Antic should then be a call to action for everyone. A call to be ever mindful of the underlying core values that push our justice system along and that make it an integral part of our unique Canadian democracy. In a few weeks, we will be celebrating our 150th year as a nation. We should at that time also be re-committing ourselves to the Charter values that define us and bring us together as a nation. This includes respect for the proper administration of justice through our commitment to make the system better for all those who walk its halls. This can and should be done by all stakeholders working together for, as Justice Wagner described it, an “enlightened criminal justice system.” Let’s take direction from the highest court and instead of resisting change, let’s make it happen. This is my birthday wish for Canada. Let’s blow out a candle and see it done.

The Cabbie and the Glider: A Tale of Two Bail Hearings

Two stories surfaced in Canadian legal news this week: the Montreal cab driver, charged after running down a man after he attacked his cab and the British Columbia hang glider operator charged after a woman he was flying with fell to her death.

The Montreal story went viral after a video was posted showing part of the altercation. It is shocking to see the cab driver bombarded by the mob but equally shocking to see his cab turn into the crowd and run down the victim. As heated as the incident was, the bail hearing appearance on May 2 was more so as an outraged group of cab drivers descended on the Montreal courthouse to lend support for the driver. The media picked up story after story from the crowd of cabbies, many of whom were immigrants, of humiliating and violent incidences of passenger misconduct involving racially motivated comments.

According to media reports, the 47 year-old cab driver of Haitian origins, Guercy Edmond, was released on a “promissory note”, with conditions, in the amount of $3,000.00. He was released on bail after a tongue lashing by Quebec Judge Jean-Pierre Boyer over the length of time the cabbie sat in custody (four days) and the crown attorney’s failure to review the video-tape, posted on YouTube of the altercation. He faces charges of aggravated assault under section 266 of the Criminal Code, assault with a weapon (presumably the cab) under s. 267, failing to stop at the scene of an accident under section 252, and dangerous driving causing bodily harm pursuant to s. 249(3).

By way of explanation, our criminal law system, based upon the English common law tradition, presumes an accused will be released from custody without conditions. This bail presumption is very much connected to our cherished presumption of innocence: upon arrest, the accused is presumed innocent until proven otherwise by the crown prosecutor in a court of law before an impartial and independent judiciary. The bail presumption is also consistent with our Charter rights: section 11(d), which constitutionally protects the presumption of innocence, section 11(e), which gives the accused the right not to be denied reasonable bail without just cause, and particularly the s. 7 right to liberty, which cannot be deprived except in accordance with our principles of fundamental justice. On this basis, the bail procedures in the Criminal Code require unconditional release. For example, section 515(1) of the Criminal Code states that:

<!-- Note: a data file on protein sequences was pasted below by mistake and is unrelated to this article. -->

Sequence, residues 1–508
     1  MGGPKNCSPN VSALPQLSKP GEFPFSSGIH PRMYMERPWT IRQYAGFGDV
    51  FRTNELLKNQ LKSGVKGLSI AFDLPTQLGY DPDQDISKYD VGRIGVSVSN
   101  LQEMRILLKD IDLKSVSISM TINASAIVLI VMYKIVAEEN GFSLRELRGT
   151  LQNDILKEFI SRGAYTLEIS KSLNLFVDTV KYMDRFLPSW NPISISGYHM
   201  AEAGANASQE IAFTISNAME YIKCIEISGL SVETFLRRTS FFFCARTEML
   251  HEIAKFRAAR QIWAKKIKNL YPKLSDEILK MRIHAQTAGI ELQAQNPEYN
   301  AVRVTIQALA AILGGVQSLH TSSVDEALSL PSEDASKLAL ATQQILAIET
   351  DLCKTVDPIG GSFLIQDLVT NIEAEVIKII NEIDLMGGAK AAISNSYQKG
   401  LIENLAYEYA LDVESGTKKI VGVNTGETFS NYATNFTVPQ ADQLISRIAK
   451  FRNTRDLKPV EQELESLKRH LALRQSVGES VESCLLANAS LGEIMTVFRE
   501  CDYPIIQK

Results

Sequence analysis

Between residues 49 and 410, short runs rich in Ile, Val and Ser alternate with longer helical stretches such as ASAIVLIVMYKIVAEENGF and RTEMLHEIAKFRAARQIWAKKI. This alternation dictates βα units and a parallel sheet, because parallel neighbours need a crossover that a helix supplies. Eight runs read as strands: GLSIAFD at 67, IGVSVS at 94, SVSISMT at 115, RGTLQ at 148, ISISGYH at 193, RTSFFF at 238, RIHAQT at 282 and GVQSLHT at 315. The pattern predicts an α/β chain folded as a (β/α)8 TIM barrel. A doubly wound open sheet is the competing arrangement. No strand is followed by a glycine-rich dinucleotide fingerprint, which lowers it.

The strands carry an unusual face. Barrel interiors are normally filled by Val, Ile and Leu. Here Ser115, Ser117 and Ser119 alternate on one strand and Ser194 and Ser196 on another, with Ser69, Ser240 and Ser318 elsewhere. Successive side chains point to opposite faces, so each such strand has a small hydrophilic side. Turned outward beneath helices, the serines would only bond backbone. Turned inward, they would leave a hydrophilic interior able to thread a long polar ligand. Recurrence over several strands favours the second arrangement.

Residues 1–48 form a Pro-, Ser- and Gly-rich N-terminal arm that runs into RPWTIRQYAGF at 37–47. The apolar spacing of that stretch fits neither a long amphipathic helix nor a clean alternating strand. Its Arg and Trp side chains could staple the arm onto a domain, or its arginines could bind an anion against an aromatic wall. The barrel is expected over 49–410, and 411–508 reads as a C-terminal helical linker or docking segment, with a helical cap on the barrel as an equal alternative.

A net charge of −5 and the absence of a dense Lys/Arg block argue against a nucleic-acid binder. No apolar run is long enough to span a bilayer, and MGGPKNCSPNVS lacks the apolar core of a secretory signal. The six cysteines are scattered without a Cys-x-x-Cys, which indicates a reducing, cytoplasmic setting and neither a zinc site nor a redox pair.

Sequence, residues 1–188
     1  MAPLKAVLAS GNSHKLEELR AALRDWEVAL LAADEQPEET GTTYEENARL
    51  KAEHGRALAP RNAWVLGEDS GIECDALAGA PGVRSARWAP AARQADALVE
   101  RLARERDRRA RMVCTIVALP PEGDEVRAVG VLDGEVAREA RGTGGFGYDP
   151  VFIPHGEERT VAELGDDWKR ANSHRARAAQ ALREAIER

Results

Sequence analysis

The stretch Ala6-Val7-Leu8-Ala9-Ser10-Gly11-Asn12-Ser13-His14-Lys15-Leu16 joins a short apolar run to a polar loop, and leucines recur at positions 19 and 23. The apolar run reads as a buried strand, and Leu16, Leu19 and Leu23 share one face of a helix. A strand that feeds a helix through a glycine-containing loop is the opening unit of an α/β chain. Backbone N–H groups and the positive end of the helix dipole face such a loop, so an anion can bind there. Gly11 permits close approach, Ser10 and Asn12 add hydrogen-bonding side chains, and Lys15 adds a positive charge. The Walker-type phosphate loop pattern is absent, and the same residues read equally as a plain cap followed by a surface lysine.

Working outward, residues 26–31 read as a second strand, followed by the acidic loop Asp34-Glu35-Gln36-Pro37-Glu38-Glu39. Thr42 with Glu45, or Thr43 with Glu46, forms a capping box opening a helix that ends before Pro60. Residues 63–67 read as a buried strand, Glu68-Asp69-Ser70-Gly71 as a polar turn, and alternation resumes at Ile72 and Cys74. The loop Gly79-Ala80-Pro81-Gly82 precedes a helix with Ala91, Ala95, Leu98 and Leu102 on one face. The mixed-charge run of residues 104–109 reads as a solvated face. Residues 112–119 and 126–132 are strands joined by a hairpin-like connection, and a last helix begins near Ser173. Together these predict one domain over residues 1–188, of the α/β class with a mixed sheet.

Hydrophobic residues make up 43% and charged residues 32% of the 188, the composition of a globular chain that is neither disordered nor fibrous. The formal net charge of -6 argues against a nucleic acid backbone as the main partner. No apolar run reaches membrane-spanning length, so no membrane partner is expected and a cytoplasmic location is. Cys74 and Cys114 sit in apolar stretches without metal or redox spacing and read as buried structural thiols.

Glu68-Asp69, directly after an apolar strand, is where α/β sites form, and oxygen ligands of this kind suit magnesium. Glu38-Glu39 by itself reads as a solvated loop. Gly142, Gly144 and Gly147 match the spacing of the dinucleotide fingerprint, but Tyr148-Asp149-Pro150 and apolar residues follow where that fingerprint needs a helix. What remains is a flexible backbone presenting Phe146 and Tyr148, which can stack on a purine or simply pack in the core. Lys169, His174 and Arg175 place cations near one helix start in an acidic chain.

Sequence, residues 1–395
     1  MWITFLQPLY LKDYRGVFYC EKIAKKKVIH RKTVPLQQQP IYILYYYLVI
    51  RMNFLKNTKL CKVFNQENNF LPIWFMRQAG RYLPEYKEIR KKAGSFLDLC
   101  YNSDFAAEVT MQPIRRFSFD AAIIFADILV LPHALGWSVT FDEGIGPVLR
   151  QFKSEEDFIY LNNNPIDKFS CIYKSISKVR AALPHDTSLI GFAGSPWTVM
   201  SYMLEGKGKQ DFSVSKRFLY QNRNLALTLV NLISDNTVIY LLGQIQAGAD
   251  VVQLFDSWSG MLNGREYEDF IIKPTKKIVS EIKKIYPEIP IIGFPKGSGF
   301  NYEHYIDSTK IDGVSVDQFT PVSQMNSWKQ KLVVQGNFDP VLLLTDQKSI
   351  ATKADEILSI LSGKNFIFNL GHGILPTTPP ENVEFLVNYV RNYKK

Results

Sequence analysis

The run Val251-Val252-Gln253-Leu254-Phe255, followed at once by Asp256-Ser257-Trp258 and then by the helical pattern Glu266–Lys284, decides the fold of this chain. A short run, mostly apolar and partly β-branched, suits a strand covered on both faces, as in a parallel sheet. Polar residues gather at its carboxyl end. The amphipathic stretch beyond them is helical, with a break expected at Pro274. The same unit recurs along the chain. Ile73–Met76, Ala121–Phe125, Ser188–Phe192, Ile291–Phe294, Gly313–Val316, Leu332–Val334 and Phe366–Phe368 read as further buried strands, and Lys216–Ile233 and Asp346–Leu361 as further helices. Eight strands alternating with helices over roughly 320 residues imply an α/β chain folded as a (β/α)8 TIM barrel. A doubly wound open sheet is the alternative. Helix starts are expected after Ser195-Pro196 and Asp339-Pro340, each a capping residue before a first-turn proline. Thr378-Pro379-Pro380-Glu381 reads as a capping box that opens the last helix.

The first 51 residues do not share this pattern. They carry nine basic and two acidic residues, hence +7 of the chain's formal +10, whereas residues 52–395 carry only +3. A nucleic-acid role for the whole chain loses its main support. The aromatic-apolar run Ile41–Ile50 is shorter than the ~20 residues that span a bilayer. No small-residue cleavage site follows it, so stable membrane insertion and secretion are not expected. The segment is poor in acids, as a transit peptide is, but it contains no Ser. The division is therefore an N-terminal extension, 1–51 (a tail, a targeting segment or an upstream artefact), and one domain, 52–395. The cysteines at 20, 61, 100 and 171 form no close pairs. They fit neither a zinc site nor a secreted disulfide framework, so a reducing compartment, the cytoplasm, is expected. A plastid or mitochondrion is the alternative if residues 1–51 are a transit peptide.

Subject to this section, where an accused who is charged with an offence other than an offence listed in section 469 is taken before a justice, the justice shall, unless a plea of guilty by the accused is accepted, order, in respect of that offence, that the accused be released on his giving an undertaking without conditions

Any decision contrary to this fundamental principle of release can only be done in very restrictive circumstances. However, there are exceptions to the general rule, where the presumption is not for release (also known as a “reverse onus” situation where the accused must “show cause” why detention in not required), for more serious offences such as murder (section 469 offences) or for those accused already on a prior form of release.

Consistent with our desire to protect the innocent, section 503 of the Criminal Code requires an accused, who is not released upon arrest, to be brought before a justice of the peace or provincial court judge for a bail hearing within 24 hours of arrest without unreasonable delay or as soon as practicable. In Alberta, due to a “promise” made by Ralph Klein when he was Premier, there are 24-hour bail hearings available. In any event, once brought before a judge, the Code does permit a bail hearing to be adjourned for a maximum of three days without the consent of the accused. Thus, Mr. Edmond, who was arrested on Sunday, April 29, appeared before a judge, within twenty-four hours of his arrest, on Monday, April 30. At that time, the hearing was adjourned within the three-day time limit, without requiring consent of the accused, to Wednesday, May 2.

In Mr. Edmond’s case, the crown was objecting to his release from custody. Our criminal law requires an accused to be released from custody unless there are cogent reasons not to release the accused. If, as in the case of Mr. Edmond, the Crown objects to release, the Crown must “show cause” or justify why the accused should not be released. In fact, even if the accused is released, the crown must also “show cause” why conditions to that release would be required.